Before I moved back to the Great State of Texas, I lived in Colorado for just about 18 years. Jonny was born there, and I essentially grew up there.
When people hear this, they always ask about the snow and the skiing. I am sorry to disappoint you all, but I have never been skiing. I went on a skiing trip once, but stayed in the condo the whole time while others flung themselves down the icy mountain with two thin little boards strapped to their feet. So, no...no great skiing adventures to regale you with. Hot chocolate and warm socks are about all I concern myself with once winter sets in up north...but you already knew that about me, didn't you?
Now summers in Colorado are hardly ever asked about, but summer is when magic takes hold of Colorado. The rivers in the mountains rush cold with melted snow; the days are perfection for hiking the thousands of mountain trails while the sun warms your skin back to life; the cool nights just beg for campfires, cookouts, and someone to sit close to; the mountains thrust up past the city lights and atmosphere of lower elevations so that it seems that you can almost reach out and touch the glimmering stars; the air is crisp and clean, and the smell of the green pine trees, the rustling of the aspen leaves, the crunching of the trails beneath your feet, all remind you that you are alive and connected to everything around you.
In order to celebrate the best parts of the great outdoors (summer-style), Whitehall Shop has three new prints. There is a bit of a story behind each one...and because I know you love stories as much as I do...
I remember going fishing with my grandparents in Gunnison and Steamboat Springs. Taylor Reservoir in Gunnison was were I caught my first fish (and second and third). I had busied myself with banging two rocks together on the banks of the reservoir (despite my grandpa's instructions to stop lest we scare away the fish) when my line tugged. Mind you, Grandpa baited the hook, cast the line, anchored the pole, etc., all while I was walking around looking for rocks to bang together, but he still gave me all the credit for the catch. I had reeled in a 13" Rainbow Trout. It was the only catch of the day.
We stayed the night in a cabin owned by one of Grandpa's best friends. We had to turn on the electricity and water when we got there. Needless to say, no tv. Grandma taught me about how it takes forever to bake anything at altitude, and Grandpa took me out to log a few trees on the property that we would take home to use in the wood stove (remember that meticulous wood pile from this post?). Everything felt completely organic, though we wouldn't have ever used such a ridiculous word to describe it all back then.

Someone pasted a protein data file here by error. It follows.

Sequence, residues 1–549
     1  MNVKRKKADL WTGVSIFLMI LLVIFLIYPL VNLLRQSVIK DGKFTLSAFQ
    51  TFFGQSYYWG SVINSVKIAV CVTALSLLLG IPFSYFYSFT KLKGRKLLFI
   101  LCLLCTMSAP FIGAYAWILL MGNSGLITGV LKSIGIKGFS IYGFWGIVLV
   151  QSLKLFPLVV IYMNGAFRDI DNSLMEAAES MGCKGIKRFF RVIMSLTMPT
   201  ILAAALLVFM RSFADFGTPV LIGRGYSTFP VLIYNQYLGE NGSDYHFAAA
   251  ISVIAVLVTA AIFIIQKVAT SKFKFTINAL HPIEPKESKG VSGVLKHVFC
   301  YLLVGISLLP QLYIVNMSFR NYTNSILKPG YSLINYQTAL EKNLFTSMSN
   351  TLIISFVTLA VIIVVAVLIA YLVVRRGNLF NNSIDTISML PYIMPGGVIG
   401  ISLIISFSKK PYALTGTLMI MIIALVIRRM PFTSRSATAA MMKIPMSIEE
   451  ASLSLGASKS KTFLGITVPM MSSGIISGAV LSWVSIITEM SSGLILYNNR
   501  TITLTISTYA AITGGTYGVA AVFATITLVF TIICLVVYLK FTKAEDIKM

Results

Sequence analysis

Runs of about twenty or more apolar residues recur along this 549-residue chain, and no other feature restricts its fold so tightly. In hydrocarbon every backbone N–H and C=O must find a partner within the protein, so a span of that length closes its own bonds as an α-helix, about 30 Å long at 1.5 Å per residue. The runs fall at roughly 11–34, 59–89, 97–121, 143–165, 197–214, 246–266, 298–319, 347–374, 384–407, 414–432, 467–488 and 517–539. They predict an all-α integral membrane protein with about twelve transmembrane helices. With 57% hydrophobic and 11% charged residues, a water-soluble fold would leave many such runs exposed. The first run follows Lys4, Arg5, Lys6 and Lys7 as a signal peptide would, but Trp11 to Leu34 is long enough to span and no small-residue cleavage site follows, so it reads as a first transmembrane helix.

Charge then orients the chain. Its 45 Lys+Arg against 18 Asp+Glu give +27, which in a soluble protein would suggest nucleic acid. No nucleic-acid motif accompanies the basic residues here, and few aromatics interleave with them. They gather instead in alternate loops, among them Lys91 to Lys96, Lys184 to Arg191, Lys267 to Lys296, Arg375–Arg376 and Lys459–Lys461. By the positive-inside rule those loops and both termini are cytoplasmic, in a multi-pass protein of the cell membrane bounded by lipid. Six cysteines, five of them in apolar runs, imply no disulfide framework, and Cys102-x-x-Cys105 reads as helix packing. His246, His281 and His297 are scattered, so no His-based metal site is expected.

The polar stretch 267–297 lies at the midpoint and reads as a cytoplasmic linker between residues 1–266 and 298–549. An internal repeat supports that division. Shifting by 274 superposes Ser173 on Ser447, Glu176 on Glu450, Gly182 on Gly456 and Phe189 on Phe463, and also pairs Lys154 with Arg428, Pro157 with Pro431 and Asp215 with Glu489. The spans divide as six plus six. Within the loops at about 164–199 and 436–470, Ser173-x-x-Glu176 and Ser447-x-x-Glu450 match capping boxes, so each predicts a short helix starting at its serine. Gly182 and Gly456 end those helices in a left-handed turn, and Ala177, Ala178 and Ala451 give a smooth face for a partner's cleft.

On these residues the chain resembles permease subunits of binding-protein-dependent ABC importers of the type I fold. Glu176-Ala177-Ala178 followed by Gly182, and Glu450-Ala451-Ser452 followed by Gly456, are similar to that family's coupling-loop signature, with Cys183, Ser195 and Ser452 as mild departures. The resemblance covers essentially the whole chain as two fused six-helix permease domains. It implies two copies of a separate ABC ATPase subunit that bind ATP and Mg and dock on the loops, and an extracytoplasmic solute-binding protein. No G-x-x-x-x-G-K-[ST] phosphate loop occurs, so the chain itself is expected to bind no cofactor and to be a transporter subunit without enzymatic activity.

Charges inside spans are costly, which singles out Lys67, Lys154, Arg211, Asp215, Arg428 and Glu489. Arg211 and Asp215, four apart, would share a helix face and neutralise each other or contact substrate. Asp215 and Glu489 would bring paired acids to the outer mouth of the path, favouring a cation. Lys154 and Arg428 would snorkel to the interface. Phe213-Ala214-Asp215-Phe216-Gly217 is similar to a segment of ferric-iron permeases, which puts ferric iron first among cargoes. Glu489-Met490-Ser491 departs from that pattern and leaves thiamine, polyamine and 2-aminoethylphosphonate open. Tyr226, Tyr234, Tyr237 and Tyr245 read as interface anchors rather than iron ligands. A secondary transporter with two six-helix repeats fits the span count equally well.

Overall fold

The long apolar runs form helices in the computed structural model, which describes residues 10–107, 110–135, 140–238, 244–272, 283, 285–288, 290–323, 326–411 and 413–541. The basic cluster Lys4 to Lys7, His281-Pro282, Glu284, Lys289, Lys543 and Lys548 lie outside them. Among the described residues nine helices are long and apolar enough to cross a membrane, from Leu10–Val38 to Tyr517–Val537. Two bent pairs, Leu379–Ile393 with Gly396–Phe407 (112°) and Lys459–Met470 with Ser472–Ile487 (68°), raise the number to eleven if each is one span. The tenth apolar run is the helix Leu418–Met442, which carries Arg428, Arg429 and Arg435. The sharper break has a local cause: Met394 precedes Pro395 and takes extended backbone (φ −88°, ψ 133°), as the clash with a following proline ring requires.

The next day, we went out on a small boat to try our luck in the center of Taylor Reservoir (the shoreline having only been good for rock banging and one paltry fish the day before). We were only out long enough to get to the middle of the lake when the engine died out on the rented boat, and Grandpa had to paddle us around the water for what seemed like hours. I was afraid that we were goners, adrift on a freezing cold reservoir, never to be found again. I should have known better with Grandpa at the helm (and by helm, I mean the next hard metal slat over on the teeny-tiny dingy with no working engine).
Grandpa thought a little motor problem shouldn't spoil our day so we kept fishing (yes, he continued to bait and cast for me, in addition to his new found oarsman duties). I caught two more fish on the boat that day: one 11" Rainbow Trout, one 11.5" Brown Trout. Grandpa didn't catch anything the entire trip, but he gave me all the credit for my three. I can say that in my defense, I didn't like to eat fish back then, so Grandpa did get to enjoy the fruits of all "my" labor from that trip. I can't tell you how much I lucked out in the Grandpa department.
There is so much more that I could tell you about my grandpa...but instead I will leave you with the rainbow trout, found, of course, in the Great Outdoors section of the shop.